For those who are unfamiliar with the documentary Beautiful Losers, it used to be on Netflix instant and it’s a real tragedy that it isn’t anymore. If you haven’t seen it, go see it. It’s an incredible movie and has a killer book that goes with it as well. And, as sometimes it is easy to do, I have skipped over the introduction of the book component and only recently really read the thing cover to cover. (Sometimes I forget how much I love my books. Man, I really love my books.) Point being – here’s a real gem from the intro that i’d like to share with everyone. These artists are using form, color, and content to convey their messages through illegal and guerrilla methods, plowing forward fearlessly and embracing their craft in the process.
“The fine arts are in need of genetic infusion. The field is struggling, and it is littered with ailing institutions and anemic programs. The recent economic downturn and the re-direction of funding priorities away from the arts to more tangible causes have contributed to the field’s overall poor health. However, financial distribution alone does not explain it’s current malaise. The field is failing precisely because of a certain kind of success. The modernist enterprise has run it’s course and we have won our acres of perfect white cubes in theme park-like museum enclosures. And into these high culture biospheres, we place art that has little meaning in the wild, outside of these artificial environments. We have established a system of art academies that produce trained professionals whose artwork has become increasingly too mannered, too removed from connection with the everyday and too encoded with self-referential knowledge. These works are failing to compete with the compelling raw energy, imagination, and speed of material culture. At the moment, the visual arts are in grave danger of becoming something like ballet.”
— Thom Collins and Rene de Guzman
And, it’s to be argued that some of the most important movements came out of the mid 1980’s- the birth of zines, skateboard graphics, t-shirts, album artwork, break-dancing, graffiti, punk/hardcore music.. the list goes on. I have to remind myself that the work that I make doesn’t have to be so serious to put on a wall. The imagery coming out of these cut and paste amateur creations are so rich and captivating. Sometimes, it’s best, in the infamous words of Satoh, to just vomit it out.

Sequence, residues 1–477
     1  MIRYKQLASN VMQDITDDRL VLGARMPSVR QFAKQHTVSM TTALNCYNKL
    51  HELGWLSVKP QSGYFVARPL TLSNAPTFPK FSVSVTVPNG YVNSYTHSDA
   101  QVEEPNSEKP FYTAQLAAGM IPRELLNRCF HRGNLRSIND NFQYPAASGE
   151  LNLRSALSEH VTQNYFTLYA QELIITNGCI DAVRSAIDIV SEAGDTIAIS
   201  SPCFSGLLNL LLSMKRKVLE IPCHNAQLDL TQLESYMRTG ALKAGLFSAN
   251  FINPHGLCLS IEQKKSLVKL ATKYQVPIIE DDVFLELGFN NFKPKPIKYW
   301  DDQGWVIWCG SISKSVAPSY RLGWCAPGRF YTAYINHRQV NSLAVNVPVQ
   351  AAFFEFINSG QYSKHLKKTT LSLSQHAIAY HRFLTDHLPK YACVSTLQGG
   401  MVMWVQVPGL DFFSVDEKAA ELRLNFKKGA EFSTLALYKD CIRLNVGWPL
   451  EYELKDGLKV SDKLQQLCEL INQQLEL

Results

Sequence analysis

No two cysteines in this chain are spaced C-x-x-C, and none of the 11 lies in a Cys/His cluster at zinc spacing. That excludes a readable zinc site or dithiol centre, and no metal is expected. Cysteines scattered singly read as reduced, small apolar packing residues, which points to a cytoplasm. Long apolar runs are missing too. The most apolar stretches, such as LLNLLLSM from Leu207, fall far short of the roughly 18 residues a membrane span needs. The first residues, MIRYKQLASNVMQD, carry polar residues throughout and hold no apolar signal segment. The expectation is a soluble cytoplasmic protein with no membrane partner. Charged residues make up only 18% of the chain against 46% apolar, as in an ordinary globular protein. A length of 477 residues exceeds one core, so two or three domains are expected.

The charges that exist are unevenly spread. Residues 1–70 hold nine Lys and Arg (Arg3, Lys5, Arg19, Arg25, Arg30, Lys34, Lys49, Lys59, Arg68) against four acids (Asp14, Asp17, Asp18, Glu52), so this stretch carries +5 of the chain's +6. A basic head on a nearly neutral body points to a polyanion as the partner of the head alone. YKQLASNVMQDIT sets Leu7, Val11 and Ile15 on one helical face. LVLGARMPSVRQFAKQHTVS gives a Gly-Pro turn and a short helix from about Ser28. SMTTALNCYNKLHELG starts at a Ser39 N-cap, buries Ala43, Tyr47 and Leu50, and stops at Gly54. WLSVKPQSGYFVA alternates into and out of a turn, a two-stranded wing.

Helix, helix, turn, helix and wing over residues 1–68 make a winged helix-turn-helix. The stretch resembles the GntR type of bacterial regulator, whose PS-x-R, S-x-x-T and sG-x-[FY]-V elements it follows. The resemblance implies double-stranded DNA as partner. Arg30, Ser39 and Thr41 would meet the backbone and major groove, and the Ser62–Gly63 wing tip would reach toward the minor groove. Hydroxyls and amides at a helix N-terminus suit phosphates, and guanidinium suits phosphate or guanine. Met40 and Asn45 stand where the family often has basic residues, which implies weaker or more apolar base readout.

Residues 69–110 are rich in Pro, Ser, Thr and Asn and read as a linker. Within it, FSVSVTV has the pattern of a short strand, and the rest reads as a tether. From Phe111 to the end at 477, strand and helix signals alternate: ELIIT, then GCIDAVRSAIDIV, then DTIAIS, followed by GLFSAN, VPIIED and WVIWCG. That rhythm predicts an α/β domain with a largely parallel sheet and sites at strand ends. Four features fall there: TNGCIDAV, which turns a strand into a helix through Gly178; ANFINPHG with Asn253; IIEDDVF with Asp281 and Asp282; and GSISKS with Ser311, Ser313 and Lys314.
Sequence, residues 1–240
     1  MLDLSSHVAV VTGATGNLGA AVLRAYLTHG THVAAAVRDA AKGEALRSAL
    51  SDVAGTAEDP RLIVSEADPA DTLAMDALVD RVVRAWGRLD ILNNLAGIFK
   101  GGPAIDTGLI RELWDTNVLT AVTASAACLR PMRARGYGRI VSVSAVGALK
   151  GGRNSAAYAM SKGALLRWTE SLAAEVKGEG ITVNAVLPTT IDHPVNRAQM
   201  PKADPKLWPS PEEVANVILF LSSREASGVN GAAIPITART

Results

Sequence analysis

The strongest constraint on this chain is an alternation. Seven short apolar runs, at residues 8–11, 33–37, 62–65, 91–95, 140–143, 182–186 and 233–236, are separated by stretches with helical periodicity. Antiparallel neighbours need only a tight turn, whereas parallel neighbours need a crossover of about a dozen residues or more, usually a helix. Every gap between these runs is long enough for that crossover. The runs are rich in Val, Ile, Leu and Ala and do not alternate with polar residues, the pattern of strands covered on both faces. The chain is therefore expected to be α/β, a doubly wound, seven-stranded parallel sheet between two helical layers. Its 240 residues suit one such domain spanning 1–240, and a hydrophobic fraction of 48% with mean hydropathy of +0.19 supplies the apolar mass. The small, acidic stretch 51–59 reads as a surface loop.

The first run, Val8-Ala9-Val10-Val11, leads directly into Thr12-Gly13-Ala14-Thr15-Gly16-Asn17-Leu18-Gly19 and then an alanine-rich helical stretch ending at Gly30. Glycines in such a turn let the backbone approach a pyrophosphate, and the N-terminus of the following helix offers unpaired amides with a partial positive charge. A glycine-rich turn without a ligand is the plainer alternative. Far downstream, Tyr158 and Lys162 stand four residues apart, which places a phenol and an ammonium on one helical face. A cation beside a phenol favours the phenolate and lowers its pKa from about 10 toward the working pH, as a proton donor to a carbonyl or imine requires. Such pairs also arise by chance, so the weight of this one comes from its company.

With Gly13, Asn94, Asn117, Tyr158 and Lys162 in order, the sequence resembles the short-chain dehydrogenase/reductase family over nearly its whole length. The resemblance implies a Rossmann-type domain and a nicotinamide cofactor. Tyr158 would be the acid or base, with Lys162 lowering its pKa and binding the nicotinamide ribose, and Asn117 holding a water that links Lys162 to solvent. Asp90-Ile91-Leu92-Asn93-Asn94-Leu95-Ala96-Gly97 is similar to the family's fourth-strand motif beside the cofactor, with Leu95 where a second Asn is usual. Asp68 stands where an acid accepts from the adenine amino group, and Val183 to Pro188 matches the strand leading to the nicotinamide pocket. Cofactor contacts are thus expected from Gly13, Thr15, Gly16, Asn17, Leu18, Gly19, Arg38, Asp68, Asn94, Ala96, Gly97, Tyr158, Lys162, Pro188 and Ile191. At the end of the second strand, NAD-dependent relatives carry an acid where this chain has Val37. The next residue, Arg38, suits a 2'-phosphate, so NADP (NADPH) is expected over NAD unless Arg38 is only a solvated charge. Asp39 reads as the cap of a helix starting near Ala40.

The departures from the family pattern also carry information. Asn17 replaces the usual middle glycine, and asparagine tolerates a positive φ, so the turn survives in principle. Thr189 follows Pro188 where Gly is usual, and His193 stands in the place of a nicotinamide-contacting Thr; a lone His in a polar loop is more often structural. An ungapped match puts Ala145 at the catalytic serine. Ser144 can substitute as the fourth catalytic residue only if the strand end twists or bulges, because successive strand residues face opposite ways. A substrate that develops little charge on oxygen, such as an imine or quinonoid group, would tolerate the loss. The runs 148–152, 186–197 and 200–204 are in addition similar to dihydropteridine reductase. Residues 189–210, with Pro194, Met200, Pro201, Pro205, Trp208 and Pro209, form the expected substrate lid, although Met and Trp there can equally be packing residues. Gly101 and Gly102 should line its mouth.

*Side note- if you love type, check out Margaret Kilgallen. Her ideas of how the world is a place “grotesquely oversaturated with information and images” and how her solution was to create her own personal “info-babble” is just the tip of the iceberg for her stunning visual confusion that is just truly spectacular.
Fun show—I was glad to see it in SFO. : )
Just watched beautiful losers. Great documentary. Thanks for the suggestion. It’s free if you have amazon prime. To me it was interesting because I had a conversation with my cousin about how most art documentaries (at least the ones I find) are about street art. I’m always conflicting on how to feel because when I do random searches for artist it appears that street artists are way more glorified than the formal and commercial artists. Also in movies and on tv shows formal artists are seen as fake or sell outs. However many formal and commercial artist make a lot of money so my feelings are all over the place on this issue. This documentary did do a better job than most on connecting street art with commercial art. So I really enjoyed that. And there is definitely a lot to admire about street artists. The attention to form. The inner motivation. And what I envy most, The Fearlessness. One thing I hope to achieve in probably all areas of my life is that level of fearlessness coupled with so level of responsibility. Also, in art specifically, I hope to achieve Arnholm’s level of confident and sense of achievement in which I know people are going to love my shit and also I have nothing to prove. The level in which when ask a simple question in my field of expertise without hesitation I answer “I don’t know”. As well as dismissing a class by just walking out (what I consider the equivalent to dropping the mic and walking off stage). Again thanks for the post and suggestion. There is a lot to learn from that documentary.
Also, Brandon, I just watched “Our City Dreams” that has your girl Swoon in it! You should watch that too- it’s free on netflix instant :)